BY JAMES HUGNAGEL
This summer the city of Hamilton, a prosperous Canadian city of over a half million inhabitants located just over the border in Ontario, renamed a portion of its heavily-traveled Burlington Street, “Nikola Tesla Boulevard”.
According to the Hamilton Community News, “Several hundred spectators attended the road renaming, just east of Ottawa Street, including Mihailo Papazoglu, ambassador of Serbia to Canada… Following Sunday’s noon hour ribbon cutting ceremony, the Nikola Tesla Electric Festival was held on the Hamilton beach strip, featuring Serbian dancing, food, music and a variety of technological demonstrations inspired by Tesla’s work.”
Nikola Tesla, of course, has been garnering a great deal of attention of late, partly due to the electric car and company named after him. Recent recognition of his scientific and engineering contributions to life today as we know it, including the game-changing effects of AC electricity as it is transmitted to our homes, offices and factories, development of radio transmission (precursor to TV) and invention of the electrical induction motor, among other discoveries and inventions, have elevated him to a kind of pop culture icon internationally the past couple of years. Tesla Facebook group membership numbers in the tens of thousands of fans worldwide.
So what was Tesla’s connection to Hamilton, to the extent that they decided to rename a street after him?
The CBS listed five reasons why the time had come for Hamilton to begin to capitalize on its Tesla legacy. For one, Hamilton was the first city in Canada, in 1898, to implement an AC electrical grid based on Tesla’s design. In fact, amazingly, the Decew Falls Generation Station Number 1, built that year, is still in operation today.
The first such commercially-viable, AC hydropower generating facility in history, designed by Tesla and constructed under his supervision, of course, was right here in Niagara Falls, USA, on Buffalo Avenue. It was known as the Edward Dean Adams Power Plant and commenced operations in 1895, three years before the Hamilton plant, sending AC power to Buffalo.
A second reason is hydroelectricity built and sustained the industrial base of Hamilton from then until the present day. Hamilton’s steel plants supply 60% of Canada’s steel. Companies in operation there include Westinghouse, International Harvester, Otis Elevator and Procter and Gamble.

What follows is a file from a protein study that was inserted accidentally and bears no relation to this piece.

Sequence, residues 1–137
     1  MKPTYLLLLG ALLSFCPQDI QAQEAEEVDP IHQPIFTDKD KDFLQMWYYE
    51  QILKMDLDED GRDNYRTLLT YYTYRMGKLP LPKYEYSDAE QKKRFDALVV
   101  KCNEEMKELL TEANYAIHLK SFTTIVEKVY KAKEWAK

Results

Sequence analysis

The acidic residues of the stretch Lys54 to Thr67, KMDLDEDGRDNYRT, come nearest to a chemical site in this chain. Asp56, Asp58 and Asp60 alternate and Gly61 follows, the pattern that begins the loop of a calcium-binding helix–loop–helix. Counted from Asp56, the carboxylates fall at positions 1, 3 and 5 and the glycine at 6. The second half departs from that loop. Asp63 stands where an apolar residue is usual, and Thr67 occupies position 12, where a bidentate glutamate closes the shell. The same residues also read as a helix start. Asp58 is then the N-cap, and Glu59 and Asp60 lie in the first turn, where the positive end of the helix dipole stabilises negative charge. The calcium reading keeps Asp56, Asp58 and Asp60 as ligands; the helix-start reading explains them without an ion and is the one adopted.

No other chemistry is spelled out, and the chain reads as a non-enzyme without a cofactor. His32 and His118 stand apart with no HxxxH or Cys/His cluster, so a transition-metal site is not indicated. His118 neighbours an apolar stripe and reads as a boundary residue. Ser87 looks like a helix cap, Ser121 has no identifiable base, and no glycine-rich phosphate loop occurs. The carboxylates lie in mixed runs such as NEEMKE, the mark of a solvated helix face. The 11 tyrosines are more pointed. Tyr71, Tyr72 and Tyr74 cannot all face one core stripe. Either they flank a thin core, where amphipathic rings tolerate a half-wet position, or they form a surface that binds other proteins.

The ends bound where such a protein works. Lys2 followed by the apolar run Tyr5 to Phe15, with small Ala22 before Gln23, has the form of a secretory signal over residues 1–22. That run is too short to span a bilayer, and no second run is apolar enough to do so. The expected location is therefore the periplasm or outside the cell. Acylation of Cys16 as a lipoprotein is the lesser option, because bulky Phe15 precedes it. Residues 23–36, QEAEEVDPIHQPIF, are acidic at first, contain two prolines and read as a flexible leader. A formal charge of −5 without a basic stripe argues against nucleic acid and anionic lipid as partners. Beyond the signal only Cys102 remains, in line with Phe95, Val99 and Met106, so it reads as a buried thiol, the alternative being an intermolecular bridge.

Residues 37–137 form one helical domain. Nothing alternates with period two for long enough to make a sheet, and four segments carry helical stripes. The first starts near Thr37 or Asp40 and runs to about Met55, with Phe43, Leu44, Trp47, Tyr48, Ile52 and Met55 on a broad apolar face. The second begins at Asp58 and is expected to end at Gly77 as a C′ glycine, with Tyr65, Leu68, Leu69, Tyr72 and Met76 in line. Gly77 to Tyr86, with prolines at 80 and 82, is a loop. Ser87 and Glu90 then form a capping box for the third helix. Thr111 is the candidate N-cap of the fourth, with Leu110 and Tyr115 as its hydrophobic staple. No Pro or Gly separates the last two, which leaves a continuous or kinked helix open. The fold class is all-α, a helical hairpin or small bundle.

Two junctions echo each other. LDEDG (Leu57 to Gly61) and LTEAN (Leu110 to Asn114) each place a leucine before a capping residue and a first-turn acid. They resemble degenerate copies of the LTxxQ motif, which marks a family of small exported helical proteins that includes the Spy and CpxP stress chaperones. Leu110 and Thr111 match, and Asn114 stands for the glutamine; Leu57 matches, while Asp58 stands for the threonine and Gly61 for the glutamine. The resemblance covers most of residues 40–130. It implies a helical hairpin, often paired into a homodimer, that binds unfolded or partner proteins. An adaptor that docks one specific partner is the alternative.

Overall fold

Wikipedia characterizes Hamilton’s bustling economy as follows: “The most important economic activity in Ontario is manufacturing, and the Toronto-Hamilton region is the most highly industrialized section of the country. The area from Oshawa, Ontario around the west end of Lake Ontario to Niagara Falls is known as the “Golden Horseshoe” and the centre of it is Hamilton… Major industrial products include motor vehicles and parts; iron, steel, and other metal products; foods and beverages; electrical goods; machinery; chemicals; petroleum and coal products; and paper products.”
Of course, all of the factories fled the city of Niagara Falls back in the 1960’s, when NYPA commandeered all the hydropower from the Niagara River, which had previously powered local industry, and started shipping it to New York City and out-of-state to profit Albany.
The other three reasons given to honor Tesla by CBC included, somewhat tongue-in-cheek, that a group of Tesla enthusiasts cared enough about their hero to make it happen, that it was an excuse to have a big outdoor party and that “Everyone loves Tesla”. Elon Musk was apparently impressed by all of this – a recent ad for an autopiloted Tesla Model S was filmed in Hamilton.
And that’s not all the city of Hamilton has in mind for promoting the memory of Tesla. There’s a movement to name the new high school the “Nikola Tesla Secondary School”. An online petition states that “Our goal is to inspire youth to higher education, technology and innovation. For that we need the youth to be aware of Tesla, his inventions, and to be informed of his significant contributions to the world, to Hamilton, and to the way we live today! Think of how much electrical distribution, the electric motor, and wireless transmission, have made our life better… We want to make sure the youth know that, and are inspired by him… Let’s name the new high school to the “Nikola Tesla Secondary School”, to show the world that we are serious about education, technology and innovation.”
In addition to the Tesla street, Tesla school and annual Tesla festival, Hamilton plans on unveiling a statue of Tesla as a public work of art.
Here in Niagara Falls, on the other hand, the original 1890’s Transformer House on Buffalo Avenue, where Tesla worked his magic, serves as a warehouse for a local construction company. Politicians Dyster and Ceretto blacklisted a nascent Tesla Museum grass roots group due to its peripheral association with a reporter they didn’t like, and Dyster turned down an opportunity to obtain the famous Tesla sculpture that had graced Goat Island for decades and was being relocated to an out-of-the-way spot by State Parks, and display it at a prominent place in his city, something that would have made international headlines.
Maybe State Parks should have offered the Tesla statue to Hamilton.